Last year I went to Guelph for spring break. I had only been away for a year, since I graduated, but it was strange to have been away that long as I considered it a transient home for several years before that.
February is not a nice place to be anywhere. I might have enjoyed February in Plymouth, but I can’t recall it distinctly. It was still cold, at least. But February in Guelph is a sullen month because the campus is filled with concrete and brick. Extensive planting and landscaping makes it radiant in the summer and fall. Big trees and vines climbing up buildings help you forget about how drab it is in February.
I spent a lot of time in that hallway in the photo. Nearly all the classes I took in undergrad were in that building. I’ve studied for Latin exams on those benches and haphazardly pulled together Art History papers there too. I walked down that hall after changing my major from Theatre to Classics. I cried there after exams – out of joy, mostly. Relief. It’s an emotional place for me even though it looks so empty.
Outside the windows there was a courtyard with grass and trees where guide dogs in training would meet for playdates. Students would line up along the windows to watch half a dozen labrador retrievers run around together, letting off stress after having to sit through classes quietly. The worst part of the year was when the lab puppies were issued, and there was hardly a single class I took that didn’t have a small puppy sitting under a chair, learning how to behave. It was also the best time of the year. I often wonder at the success rate of the guide dog program at Guelph. I don’t know if all the attention they garnered from students would do them any favours.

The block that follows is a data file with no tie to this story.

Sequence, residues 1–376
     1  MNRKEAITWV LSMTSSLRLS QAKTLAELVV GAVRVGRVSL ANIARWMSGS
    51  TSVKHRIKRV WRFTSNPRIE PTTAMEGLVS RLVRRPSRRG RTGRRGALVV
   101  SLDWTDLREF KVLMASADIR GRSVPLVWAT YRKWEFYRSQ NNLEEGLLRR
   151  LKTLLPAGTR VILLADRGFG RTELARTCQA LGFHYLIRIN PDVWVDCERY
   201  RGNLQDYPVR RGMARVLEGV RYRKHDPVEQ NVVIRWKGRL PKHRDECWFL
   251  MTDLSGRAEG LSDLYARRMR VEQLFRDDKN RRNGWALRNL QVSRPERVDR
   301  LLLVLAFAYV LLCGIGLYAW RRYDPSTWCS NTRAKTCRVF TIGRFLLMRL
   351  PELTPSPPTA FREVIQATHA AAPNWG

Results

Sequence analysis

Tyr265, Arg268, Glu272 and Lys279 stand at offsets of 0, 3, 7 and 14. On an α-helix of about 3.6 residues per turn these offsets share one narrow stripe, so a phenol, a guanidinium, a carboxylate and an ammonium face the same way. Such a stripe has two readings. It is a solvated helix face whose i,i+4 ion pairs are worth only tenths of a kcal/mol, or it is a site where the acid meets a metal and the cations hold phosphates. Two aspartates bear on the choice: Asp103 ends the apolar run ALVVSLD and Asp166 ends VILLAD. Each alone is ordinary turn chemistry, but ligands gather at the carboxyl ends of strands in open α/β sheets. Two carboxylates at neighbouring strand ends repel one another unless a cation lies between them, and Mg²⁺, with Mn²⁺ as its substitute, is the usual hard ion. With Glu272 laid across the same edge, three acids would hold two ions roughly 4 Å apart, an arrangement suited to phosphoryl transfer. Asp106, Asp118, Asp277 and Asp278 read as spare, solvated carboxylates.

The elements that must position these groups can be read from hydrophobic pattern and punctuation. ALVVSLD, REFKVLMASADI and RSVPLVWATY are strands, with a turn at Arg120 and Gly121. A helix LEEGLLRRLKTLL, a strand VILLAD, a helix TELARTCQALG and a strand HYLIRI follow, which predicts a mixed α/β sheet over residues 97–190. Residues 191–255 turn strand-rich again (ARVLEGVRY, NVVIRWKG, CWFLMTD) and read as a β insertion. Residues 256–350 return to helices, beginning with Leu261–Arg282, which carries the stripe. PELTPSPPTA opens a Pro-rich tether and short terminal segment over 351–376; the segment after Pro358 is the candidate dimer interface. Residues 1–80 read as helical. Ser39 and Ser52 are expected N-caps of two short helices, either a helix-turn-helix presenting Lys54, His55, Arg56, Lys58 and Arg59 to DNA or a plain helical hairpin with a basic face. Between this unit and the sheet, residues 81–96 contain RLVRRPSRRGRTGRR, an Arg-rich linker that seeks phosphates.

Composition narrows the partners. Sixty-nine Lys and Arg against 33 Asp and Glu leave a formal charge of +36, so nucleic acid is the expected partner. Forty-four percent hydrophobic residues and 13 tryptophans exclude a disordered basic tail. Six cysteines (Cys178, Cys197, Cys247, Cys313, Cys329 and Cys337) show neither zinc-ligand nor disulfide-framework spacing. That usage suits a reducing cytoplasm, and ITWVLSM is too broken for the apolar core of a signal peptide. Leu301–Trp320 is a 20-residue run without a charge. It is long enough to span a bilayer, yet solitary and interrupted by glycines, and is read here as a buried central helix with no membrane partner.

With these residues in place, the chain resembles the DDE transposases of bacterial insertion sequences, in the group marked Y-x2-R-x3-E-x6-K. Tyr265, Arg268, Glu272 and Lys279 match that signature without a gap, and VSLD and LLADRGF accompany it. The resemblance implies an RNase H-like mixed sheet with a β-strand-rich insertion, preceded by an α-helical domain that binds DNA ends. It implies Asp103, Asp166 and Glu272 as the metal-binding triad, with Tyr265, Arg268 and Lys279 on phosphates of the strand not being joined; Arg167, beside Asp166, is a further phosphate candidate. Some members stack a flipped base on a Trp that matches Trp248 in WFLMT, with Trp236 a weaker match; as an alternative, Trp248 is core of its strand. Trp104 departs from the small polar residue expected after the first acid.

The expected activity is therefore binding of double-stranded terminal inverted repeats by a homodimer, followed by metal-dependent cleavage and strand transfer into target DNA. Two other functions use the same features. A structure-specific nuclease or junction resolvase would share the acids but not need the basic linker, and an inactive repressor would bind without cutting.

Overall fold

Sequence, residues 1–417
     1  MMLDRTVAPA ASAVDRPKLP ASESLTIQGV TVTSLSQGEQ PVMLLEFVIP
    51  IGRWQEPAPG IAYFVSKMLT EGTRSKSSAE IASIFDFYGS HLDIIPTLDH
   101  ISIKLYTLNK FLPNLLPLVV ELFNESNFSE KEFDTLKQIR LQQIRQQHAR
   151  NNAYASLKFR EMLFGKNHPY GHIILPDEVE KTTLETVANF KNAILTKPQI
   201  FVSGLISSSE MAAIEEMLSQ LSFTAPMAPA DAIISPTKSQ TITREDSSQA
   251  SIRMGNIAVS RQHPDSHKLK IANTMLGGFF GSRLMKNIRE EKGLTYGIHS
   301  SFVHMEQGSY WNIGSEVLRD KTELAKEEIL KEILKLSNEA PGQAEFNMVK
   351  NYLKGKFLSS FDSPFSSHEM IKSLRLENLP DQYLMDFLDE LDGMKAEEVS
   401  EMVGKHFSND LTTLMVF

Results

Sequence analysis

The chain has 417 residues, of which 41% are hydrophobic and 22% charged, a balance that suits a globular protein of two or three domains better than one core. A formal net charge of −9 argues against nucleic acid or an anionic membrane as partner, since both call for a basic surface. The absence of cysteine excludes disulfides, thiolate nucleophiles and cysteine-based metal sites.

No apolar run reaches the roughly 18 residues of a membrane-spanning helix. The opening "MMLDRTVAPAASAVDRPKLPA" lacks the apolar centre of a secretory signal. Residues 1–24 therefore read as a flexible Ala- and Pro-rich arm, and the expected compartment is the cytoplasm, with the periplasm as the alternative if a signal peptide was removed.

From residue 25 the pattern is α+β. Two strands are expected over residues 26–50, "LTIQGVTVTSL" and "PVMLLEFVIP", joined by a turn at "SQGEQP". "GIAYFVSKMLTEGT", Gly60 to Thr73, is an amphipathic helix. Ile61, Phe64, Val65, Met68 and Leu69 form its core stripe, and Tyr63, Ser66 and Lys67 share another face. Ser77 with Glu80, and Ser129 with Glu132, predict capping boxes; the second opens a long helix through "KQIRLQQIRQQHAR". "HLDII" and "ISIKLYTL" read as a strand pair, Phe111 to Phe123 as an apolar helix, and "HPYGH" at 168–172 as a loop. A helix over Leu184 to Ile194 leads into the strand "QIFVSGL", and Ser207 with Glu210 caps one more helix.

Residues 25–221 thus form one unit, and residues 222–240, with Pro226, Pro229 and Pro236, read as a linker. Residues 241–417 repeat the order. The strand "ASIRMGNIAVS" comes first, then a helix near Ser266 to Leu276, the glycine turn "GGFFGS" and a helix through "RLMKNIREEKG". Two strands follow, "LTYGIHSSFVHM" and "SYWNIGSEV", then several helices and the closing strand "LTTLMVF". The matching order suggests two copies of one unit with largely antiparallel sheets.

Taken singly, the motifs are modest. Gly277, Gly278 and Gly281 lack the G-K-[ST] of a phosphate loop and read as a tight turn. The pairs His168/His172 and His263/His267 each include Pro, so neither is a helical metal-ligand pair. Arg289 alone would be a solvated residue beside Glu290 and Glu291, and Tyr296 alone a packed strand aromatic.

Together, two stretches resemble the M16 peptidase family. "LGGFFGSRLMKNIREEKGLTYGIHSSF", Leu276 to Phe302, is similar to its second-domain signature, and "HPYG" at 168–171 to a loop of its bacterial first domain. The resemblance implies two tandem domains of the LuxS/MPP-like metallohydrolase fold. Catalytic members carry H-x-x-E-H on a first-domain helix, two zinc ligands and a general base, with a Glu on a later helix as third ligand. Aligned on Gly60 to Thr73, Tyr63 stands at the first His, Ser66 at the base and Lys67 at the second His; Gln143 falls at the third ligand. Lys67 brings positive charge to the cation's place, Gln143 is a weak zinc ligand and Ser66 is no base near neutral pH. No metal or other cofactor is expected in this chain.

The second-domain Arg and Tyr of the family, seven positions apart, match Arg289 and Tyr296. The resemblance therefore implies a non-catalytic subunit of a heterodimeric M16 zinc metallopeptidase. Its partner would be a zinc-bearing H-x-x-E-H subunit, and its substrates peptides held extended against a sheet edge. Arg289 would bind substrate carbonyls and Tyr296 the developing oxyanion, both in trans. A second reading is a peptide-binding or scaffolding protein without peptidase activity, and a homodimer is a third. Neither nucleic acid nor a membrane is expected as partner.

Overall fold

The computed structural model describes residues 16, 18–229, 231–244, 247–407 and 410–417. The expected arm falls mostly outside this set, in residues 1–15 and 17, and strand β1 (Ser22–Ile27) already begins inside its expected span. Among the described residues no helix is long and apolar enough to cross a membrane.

February has ended here and it doesn’t look like Guelph did. St. John’s is aware of how dismal it is in the winter and the buildings are painted in bright colours in defiance of the winter gloom. It doesn’t always work. But I look out my window over the city, and it’s dark and the lights are twinkling yellow across the neighbourhood below my house. If I tried I could picture myself somewhere else, with the same view in the dark. Cities all look the same at night.